Terry Sharrer's bio:

Dr. Sharrer began as Executive Director, Medical Innovation and Transformation Institute, with the Inova Health System (Fairfax, VA) in July 2007. Formerly, he was the Curator of Health Sciences at the National Museum of American History, Smithsonian Institution, where he had worked for thirty-six years.

Terry Sharrer speaks and writes about a range of life science subjects. In 1987, he co-organized an exhibition titled "The Search for Life: Genetic Technology in the 20th Century." This show also was the inaugural exhibition for the DNA Learning Center at Cold Spring Harbor Laboratory in New York. He has done video documentaries on the Human Genome Project, the beginning of gene therapy, and the molecular biology of cancer. He holds a PhD in history from the University of Maryland, has authored some three dozen publications-including A Kind of Fate, Agricultural Change in Virginia, 1861-1920 (about the biological consequences of the Civil War and the beginning of germ theory practices, Iowa State University Press, 2000)-and currently is writing a history of molecular medicine. For outreach work, has served as Chairman of the Board of Directors of the National Foundation for Cancer Research (Bethesda, MD), board member of the Carilion Biomedical Institute (Roanoke, VA), board member, Immune Deficiency Foundation (Towson, MD), and board member, Inova Fairfax Hospital Cancer Advisory Committee (Fairfax, VA).

Currently, his public service includes: board member of the Fund for Inherited Disease Research (Bryn Mawr, PA); and Science Advisor, for the Loudoun County, VA Department of Economic Development, the Clarke County VA Education Foundation, and the Arizona Science Alliance. With his wife Patty, and sons Alex, age 13, and Nicholas, age 17, he lives in Hamilton, Loudoun County, VA.

Disclosure: G. Terry Sharrer, PhD has stock dividends in Merck and Pfizer.

Terry Sharrer's posts:

New Light in Neuroimaging

December 3, 2019 | | Posted in Newsletter

Optical functional imaging of brain oxygen
Collaborators at the University of Birmingham (UK) and the University of Washington medical school have [MORE]

Implantable Device Controls Heartbeat and Blood Pressure

December 3, 2019 | | Posted in Newsletter

Barostim Neo in body drawing
A pacemaker-like implantable device stimulates the carotid artery in a way that reduces risk of heart [MORE]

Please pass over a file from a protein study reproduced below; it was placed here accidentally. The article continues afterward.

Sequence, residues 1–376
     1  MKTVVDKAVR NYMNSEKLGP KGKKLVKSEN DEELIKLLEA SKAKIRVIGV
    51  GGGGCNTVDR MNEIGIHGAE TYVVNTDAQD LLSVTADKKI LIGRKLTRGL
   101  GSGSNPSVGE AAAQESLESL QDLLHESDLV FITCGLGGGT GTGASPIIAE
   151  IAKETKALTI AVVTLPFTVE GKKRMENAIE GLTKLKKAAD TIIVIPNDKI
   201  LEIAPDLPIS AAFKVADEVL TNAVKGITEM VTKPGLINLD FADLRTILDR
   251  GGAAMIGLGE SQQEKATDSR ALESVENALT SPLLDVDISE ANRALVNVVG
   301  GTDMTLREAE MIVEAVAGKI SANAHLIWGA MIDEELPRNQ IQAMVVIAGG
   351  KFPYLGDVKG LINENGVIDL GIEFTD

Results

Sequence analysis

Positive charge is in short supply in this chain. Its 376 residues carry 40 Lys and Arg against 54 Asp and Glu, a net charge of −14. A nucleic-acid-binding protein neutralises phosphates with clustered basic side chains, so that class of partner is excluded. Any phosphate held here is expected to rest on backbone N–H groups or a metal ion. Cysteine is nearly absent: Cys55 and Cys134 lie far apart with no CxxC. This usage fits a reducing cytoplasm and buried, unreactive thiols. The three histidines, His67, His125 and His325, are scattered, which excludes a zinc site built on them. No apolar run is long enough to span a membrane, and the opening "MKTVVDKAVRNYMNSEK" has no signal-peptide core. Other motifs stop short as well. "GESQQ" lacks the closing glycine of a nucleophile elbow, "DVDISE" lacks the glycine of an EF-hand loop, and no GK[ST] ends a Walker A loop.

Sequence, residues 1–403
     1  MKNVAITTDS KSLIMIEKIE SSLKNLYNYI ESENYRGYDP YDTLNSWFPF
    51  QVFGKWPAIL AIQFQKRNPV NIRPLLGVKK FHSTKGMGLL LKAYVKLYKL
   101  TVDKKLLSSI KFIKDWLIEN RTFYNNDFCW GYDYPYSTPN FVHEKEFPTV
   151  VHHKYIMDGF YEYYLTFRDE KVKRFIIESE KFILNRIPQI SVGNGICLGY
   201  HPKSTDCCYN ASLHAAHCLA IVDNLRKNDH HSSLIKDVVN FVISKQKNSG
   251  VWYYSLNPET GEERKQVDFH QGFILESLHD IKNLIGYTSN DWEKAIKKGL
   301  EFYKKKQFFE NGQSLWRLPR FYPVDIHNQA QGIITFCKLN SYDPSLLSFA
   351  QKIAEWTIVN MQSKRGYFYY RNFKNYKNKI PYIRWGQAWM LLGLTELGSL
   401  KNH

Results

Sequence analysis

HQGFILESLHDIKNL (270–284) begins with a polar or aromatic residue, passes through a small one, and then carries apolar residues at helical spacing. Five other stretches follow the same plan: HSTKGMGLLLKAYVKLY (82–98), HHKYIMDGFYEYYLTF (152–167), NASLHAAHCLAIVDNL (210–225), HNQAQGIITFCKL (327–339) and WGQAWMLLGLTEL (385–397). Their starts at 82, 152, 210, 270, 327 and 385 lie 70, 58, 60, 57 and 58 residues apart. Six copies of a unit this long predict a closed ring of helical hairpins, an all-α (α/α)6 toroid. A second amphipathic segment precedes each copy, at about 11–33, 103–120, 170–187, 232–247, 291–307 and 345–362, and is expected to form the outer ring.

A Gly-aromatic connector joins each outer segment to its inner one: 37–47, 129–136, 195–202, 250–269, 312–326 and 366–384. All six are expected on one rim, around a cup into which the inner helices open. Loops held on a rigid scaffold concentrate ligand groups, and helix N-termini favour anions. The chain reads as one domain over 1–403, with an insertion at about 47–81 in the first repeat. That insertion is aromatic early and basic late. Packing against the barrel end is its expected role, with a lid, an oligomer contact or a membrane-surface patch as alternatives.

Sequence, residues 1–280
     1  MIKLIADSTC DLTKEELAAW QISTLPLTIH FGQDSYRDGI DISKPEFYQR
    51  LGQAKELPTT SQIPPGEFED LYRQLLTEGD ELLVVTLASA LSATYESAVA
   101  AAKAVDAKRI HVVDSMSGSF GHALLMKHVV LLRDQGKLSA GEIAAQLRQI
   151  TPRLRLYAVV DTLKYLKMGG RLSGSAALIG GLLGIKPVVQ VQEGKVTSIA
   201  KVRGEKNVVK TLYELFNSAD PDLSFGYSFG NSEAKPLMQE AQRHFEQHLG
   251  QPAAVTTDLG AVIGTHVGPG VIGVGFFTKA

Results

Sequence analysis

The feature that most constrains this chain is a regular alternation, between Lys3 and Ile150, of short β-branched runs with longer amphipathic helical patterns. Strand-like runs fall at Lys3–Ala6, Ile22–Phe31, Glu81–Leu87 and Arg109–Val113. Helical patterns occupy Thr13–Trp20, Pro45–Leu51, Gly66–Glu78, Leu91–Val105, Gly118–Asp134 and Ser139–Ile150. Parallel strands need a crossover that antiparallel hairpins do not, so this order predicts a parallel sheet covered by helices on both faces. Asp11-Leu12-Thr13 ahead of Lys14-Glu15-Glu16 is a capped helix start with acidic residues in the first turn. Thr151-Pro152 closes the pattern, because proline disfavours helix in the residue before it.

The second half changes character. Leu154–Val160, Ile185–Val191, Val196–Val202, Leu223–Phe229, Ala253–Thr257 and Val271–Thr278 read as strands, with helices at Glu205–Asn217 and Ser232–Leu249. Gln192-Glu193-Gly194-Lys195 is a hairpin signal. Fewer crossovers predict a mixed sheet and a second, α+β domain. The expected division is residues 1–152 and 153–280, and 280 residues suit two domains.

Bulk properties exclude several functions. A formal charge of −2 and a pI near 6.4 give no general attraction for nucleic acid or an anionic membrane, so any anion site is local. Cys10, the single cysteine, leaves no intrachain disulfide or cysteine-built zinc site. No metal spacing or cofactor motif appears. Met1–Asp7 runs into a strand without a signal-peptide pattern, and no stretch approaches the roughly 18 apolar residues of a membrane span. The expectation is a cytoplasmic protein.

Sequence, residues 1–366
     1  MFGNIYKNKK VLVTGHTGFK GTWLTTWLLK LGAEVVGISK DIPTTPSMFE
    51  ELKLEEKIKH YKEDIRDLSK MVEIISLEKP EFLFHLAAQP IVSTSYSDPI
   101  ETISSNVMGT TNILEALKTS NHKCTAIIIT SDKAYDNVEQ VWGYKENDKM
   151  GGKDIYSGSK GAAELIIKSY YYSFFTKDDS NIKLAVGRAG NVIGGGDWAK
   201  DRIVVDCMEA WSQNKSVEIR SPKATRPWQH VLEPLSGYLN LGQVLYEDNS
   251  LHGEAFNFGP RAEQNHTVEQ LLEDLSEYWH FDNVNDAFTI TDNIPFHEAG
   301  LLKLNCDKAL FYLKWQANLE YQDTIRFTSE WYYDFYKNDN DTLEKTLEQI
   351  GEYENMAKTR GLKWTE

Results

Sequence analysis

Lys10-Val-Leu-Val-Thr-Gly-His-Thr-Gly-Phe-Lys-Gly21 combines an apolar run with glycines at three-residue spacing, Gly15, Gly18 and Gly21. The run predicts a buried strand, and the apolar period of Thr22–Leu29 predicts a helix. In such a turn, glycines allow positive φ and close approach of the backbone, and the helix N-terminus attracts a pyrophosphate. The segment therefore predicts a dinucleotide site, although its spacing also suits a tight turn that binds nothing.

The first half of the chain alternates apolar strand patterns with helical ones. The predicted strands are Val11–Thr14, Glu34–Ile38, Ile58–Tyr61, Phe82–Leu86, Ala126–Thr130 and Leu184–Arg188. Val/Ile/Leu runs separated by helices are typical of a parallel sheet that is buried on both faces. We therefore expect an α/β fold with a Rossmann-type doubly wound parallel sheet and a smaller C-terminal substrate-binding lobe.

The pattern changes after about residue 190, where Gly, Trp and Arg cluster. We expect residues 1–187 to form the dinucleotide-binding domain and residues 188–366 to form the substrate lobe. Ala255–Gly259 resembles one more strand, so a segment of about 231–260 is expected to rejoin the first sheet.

Millions and Millions of Genes in the Microbiome

December 3, 2019 | | Posted in Newsletter

Human microbiome project
“Early estimates as to exactly how many unique genes [in the human microbiome]  there may be range from [MORE]

Artificial Intelligence in Oncology so far, not so Good

December 3, 2019 | | Posted in Newsletter

Watson computer
“In 2018, the team at MD Anderson published a paper in The Oncologist outlining their experiences with Watson and [MORE]

A “Channelpedia” of Potassium Ion Channels

December 3, 2019 | | Posted in Newsletter

Ion channel data base
Researchers in the “Blue Brain Project” at EPFL (Lausanne, Switzerland) have created a rough draft map of [MORE]

Smartphone to Brain Implant to Neural Circuits

December 3, 2019 | | Posted in Newsletter

Tiny implant in brain can control neural circuits
In a step toward automated animal studies, engineers at the Korean Advanced Institute [MORE]

Perspective on “Collaborative Robots”

December 3, 2019 | | Posted in Newsletter

HighRes robotic system
This piece has an interview with the CEO of HighRes Biosolutions (Beverly, MA) about robotics in laboratory automation [MORE]

Genetics of Disease and Aging

November 26, 2019 | | Posted in Newsletter

Epigenetic mechanisms.
Disease and aging usually are thought to be distinct processes, but that may not be entirely so.  Biologists at [MORE]

Human Clinical Trials for CRISPR Underway in the US

November 26, 2019 | | Posted in Newsletter

Seven years after CRISPR-Cas9 gene editing appeared, clinical trials have begun.  The University of Pennsylvania has treated two patients, [MORE]

“Cyborg Organoids”

November 26, 2019 | | Posted in Newsletter

Cyborg organoid
Harvard bioengineers have created cyborg mini organoids from culturing stem cells on a flexible, stretchable electronic mesh imbedded with [MORE]

Microrobots for Intestinal Procedures

November 26, 2019 | | Posted in Newsletter

Micro robots deliver drugs to precise location
“Scientists at Caltech have now developed self-propelled microrobots that can deliver drugs to precise [MORE]

Transdermal Optical Imaging of Blood Pressure

November 26, 2019 | | Posted in Newsletter

Selfie video measures blood pressure
In a study at the University of Toronto comparing blood pressure readings from an arm cuff [MORE]

Prototype Automated Exosuit

November 26, 2019 | | Posted in Newsletter

Running with exoskeleton.
As the population ages, gait-assist devices have increasing relevance.  This piece describes an exosuit that engineers at Harvard [MORE]

Electromagnetic Fields Inhibit Cancer Metastases

November 26, 2019 | | Posted in Newsletter

Breast cancer cells
Mechanical and Aerospace Engineers at Ohio State University, report this: “Using a novel microfluidic platform, we found that [MORE]